Patrick Durusau suggests that properties help identify a subject representative in topic maps. For example, he says that
… All naming conventions are subject to ambiguity and “expanded” naming conventions, such as a list of properties in a topic map, may make the ambiguity a bit more manageable.
That depends on a presumption that if more information is added and a user advised of it, the risk of ambiguity will be reduced. …
In another post, he writes:
… Topic maps provide the ability to offer more complete descriptions of subjects in hopes of being understood by others.
With the ability to add descriptions of subjects from others, offering users a variety of descriptions of the same subject. …
I have some doubts whether this description approach, as opposed to the naming approach (subject indicator and subject locator) now in place in topic maps, will work. IMO, adding more descriptions (by different people with different models of the world, opinions, values, perceptions …) increases the risk of introducing divergent viewpoints and thus runs counter to the original intent (to determine identity and reduce ambiguity). Adding more information is likely to make description and reference more ambiguous, as Pat Hayes and Harry Halpin have argued in their paper “In defense of ambiguity”. Common sense might tell you that the more you define something, pin it down, the more precise it becomes. But precision is not necessarily achieved by more descriptions – subject identification rather gets prone to ambiguity.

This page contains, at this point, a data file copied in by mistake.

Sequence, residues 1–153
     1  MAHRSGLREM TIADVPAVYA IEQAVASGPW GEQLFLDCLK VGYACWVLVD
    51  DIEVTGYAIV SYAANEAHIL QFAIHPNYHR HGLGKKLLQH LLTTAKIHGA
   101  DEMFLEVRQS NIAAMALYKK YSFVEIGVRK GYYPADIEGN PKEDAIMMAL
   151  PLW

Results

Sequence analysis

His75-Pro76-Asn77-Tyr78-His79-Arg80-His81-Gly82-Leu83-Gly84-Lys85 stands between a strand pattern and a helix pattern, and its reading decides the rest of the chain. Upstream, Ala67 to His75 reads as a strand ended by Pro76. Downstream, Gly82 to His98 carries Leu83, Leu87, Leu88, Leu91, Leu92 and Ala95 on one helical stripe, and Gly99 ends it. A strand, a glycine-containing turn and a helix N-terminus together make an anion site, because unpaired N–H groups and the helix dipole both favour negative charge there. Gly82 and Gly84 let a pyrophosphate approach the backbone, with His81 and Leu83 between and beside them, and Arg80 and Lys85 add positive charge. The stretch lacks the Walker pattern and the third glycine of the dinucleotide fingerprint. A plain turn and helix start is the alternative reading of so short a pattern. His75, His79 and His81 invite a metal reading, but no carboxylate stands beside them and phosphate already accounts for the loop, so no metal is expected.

Some more questions about identity and disambiguation:
- How do you decide that a description has added a dimension to a concept that makes that concept so different that it becomes “another” concept? Who draws the line (someone else might disagree)? Can we formulate criteria for this process, or is it arbitrary?
- How can we handle time- and context-sensitive descriptions – properties that change over time or according to context? Does a property that changes still define identity, and does identity change too, then? Maybe there are “minor” and “major” properties – if a “major” property changes, does that entail a change of identity, whereas with the change of a “minor”, less typical property identity stays the same? How can either of these “property classes” be determined?
I wonder whether we fall back into the Aristotelian system by stressing description, attributes and properties. Or perhaps description and naming strategies in subject identification can coexist and complement each other.